Tributes paid to South Shields youth manager who helped turn young people's lives around
Tributes have been paid to a woman described as a leading light in helping young people to turn their lives around.
Youth worker Pam Vedhara, who worked tirelessly to help improve the lives of youngsters in the borough, died at the age of 61 on Tuesday following a short illness.
In 2010, Pam was recognised by the Queen for her work when she was awarded an MBE.
She was the key player in setting up the nationally acclaimed Safestop scheme in South Tyneside which helped slash youth-related anti-social behaviour across the borough.
South Tyneside Council leader, Coun Iain Malcolm, said: “We are shocked and deeply saddened by the loss of a dedicated and highly respected member of our staff.
“Pam brought a unique character to her work with young people in South Tyneside over many years with a strong value base that always put the interests of the young person at the heart of everything she did. She will be sadly missed.
“She was an absolute credit to the council. She was a true ambassador for the borough. Our thoughts are with Pam’s family and friends at this difficult time.”
Acting Neighbourhood Inspector Steve Prested, who worked on Operation Safestop with Pam, said: “Pam was an unique person who had an overwhelming passion for supporting young people. Her drive and determination was commendable and she wouldn’t let anything stand in her way in doing what she felt was right for the young people of South Tyneside.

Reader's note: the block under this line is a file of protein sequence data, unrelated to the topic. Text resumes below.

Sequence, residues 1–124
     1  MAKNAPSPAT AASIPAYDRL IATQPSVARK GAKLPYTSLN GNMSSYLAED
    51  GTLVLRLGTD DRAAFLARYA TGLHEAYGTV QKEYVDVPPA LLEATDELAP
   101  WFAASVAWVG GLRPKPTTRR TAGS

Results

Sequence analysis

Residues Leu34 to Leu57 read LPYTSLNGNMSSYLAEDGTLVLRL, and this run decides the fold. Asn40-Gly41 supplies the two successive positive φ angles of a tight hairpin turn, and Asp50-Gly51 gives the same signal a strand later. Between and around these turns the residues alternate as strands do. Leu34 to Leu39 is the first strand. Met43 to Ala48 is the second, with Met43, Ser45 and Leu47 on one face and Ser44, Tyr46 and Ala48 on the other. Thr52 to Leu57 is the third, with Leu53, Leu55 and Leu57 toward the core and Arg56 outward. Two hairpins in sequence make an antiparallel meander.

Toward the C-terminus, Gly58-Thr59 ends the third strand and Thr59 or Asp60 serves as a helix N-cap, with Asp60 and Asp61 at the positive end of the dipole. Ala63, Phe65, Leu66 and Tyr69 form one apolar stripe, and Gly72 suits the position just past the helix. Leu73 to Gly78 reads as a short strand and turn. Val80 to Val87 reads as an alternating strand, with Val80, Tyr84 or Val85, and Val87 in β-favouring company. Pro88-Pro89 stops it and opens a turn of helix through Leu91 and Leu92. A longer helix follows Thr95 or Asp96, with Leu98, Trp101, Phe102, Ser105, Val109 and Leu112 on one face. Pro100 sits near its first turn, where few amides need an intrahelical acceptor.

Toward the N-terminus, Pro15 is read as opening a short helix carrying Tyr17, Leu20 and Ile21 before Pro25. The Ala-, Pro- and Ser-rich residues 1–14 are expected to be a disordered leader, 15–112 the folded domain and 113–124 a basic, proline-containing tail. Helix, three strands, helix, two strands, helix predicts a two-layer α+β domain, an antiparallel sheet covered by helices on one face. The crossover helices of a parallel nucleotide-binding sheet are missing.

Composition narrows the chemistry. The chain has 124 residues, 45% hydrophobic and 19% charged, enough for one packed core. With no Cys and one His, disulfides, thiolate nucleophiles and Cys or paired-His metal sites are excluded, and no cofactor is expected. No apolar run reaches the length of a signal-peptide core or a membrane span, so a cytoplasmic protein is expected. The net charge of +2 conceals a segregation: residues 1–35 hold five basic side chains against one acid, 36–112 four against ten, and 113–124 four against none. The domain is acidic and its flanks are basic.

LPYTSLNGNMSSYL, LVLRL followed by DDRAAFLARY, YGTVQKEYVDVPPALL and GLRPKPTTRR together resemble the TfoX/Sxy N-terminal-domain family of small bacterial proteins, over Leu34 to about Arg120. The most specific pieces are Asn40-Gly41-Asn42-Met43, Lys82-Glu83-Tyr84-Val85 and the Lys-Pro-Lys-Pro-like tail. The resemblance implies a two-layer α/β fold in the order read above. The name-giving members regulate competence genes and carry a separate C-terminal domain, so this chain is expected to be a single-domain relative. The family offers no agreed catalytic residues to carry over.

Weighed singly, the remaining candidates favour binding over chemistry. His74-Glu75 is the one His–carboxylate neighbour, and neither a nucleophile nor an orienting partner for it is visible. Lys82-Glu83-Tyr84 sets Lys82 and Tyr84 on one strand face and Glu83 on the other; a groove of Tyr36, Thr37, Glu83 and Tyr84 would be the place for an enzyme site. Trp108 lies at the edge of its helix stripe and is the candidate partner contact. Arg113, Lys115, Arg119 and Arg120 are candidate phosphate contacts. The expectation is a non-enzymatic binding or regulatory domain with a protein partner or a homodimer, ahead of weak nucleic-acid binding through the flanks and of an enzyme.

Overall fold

“Operation Safestop was her baby and she worked hard to ensure it was a success. Pam is going to be a big miss to us all and to me both in a professional capacity and as a friend.”
Shuley Allam, manager at Compact for Race Equality in South Tyneside, where Pam was a trustee said: “Pam will be greatly missed. She has been a trustee since the beginning and has been a great support, not just to the charity but also to me personally.
“She was an inspiration to myself and to others and was passionate about equality and diversity. She was a leading light in South Tyneside and is such a big loss to us all.”
Retired Neighbourhood Inspector Peter Sutton who worked alongside Pam on a number of initiatives over the years said: “Pam was very well-respected and very forward thinking in her approach to working with young people. She firmly kept them at the very heart of everything she did and the initiatives she implemented.
“She was a larger than life character and would always challenge the norm to ensure young people always had the best opportunities in life.”